“Approximately 1,700 different windowpanes comprise the most highly-engineered, complex, and visually arresting curtain wall ever constructed in New York City.” So boasts the Corcoran listing for Jean Nouvel’s much hyped 11th Avenue development, which blog Curbed calls “the biggest thing to hit West Chelsea since Bungalow 8.”
If only architectural pioneer Walter Gropius knew that this is what his curtain wall would come to.
Contemporary art curator and consultant Allan Schwartzman is the latest in a slew of high-power, high-gloss names to invest in 100 11th Avenue—fashion photographer Mario Testino and Blackstone chief financial officer Laurence Tosi both put down deposits for apartments when the tower was still unfinished—but Mr. Schwartzman is one of the first to publicly close on an apartment. He bought apartment 12A for $3.78 million, according to a city deed filed Dec. 12.
“I think he is one of the most interesting living architects, and it’s one of the most interesting buildings erected in New York in decades,” Mr. Schwartzman, a founding member and curator of the New Museum, gushed to The Observer of Mr. Nouvel. “I think it is just beautiful and I am very excited to live there.”
When asked if this real estate deal was an art investment like those he advises his clients toward, Mr. Schwartzman clarified, “No, this is not an art investment; it is my home.”
The 72 residences, ranging in size from one- to four-bedrooms, are all equipped with “true floor-to-ceiling windows.” And Mr. Nouvel’s vision extends beyond the multifaceted facade to details such as the custom-designed terrazzo kitchen islands and touch-sensitive bathroom fixtures designed by the architect for Jado. Mr. Schwartzman conceded that he will “do a little bit of work in the apartment” but hopes to move in “in a couple of months.”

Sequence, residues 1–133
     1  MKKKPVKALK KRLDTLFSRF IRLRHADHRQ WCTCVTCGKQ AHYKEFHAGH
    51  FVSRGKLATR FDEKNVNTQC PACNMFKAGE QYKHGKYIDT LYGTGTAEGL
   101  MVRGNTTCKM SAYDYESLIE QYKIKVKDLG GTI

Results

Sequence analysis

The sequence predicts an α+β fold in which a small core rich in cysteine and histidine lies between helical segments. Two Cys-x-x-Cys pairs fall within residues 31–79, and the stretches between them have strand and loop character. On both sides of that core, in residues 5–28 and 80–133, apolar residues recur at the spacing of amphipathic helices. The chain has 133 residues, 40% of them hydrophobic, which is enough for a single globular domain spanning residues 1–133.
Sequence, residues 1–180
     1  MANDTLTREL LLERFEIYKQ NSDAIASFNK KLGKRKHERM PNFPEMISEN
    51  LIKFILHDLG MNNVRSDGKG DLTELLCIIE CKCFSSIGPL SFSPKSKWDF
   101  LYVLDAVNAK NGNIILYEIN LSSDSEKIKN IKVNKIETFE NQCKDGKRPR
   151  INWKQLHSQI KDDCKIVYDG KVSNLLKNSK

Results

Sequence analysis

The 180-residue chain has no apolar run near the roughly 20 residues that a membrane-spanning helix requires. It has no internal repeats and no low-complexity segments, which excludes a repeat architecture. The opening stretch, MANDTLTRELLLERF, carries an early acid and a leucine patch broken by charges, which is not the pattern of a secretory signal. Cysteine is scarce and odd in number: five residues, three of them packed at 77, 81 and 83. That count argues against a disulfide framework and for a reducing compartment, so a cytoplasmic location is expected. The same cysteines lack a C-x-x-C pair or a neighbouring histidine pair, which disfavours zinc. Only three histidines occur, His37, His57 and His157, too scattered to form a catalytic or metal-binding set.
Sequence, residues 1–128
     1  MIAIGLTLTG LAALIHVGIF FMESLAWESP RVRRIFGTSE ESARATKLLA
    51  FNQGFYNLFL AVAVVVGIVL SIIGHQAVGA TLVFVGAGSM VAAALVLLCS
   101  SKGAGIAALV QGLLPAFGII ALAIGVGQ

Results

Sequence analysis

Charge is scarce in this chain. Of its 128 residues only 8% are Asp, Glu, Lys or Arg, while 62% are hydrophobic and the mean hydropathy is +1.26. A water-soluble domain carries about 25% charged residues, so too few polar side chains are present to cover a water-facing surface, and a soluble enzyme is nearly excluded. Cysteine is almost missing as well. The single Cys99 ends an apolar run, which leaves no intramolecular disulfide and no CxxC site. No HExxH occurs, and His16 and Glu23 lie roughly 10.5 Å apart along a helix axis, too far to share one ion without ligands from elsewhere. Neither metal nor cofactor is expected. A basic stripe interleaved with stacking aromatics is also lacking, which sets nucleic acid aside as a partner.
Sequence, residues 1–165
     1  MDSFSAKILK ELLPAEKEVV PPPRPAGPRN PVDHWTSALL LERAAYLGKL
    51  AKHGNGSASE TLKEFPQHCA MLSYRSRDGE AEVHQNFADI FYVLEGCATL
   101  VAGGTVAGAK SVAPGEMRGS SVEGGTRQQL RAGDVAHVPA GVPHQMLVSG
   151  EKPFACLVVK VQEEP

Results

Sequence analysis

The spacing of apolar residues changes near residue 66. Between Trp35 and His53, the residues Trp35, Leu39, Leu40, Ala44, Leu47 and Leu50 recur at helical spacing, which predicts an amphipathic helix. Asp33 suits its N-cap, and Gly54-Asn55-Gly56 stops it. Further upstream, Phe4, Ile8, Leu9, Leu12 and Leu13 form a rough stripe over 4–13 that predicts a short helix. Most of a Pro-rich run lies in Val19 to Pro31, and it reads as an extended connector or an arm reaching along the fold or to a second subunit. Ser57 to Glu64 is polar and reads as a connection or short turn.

He will not lack for building amenities, which range from a 24-hour concierge service to a 70-foot indoor/outdoor lap pool to a “concealed” ATM machine.
It seems Mr. Schwartzman’s professional modus operandi spills over to personal real estate. “Those collecting today, regardless of their degree of wealth or their budget, want to be more thoughtful about the decisions they make,” he told Art & Auction magazine earlier this year.
The 100 11th Avenue deal echoes that belief. “I’ve been looking for a number of years for a new place to live,” Mr. Schwartzman told The Observer, “and I’m really happy with what I’ve found!”
And is the curator—whose contemporary art writings have appeared everywhere from The New Yorker and The New York Times to Artforum and Art & Auction—friendly with any of the other A-listers rumored to be plucking property in the luxury condo? “No! Why, who have you heard!?” The Observer admitted that most of the names thrown around were merely prospective buyers, to which Mr. Schwartzman replied, “Oh, well, prospective buyers, but they’re just blah blah. I’ve heard names like that thrown around, too. But it’s buyers who are important!”
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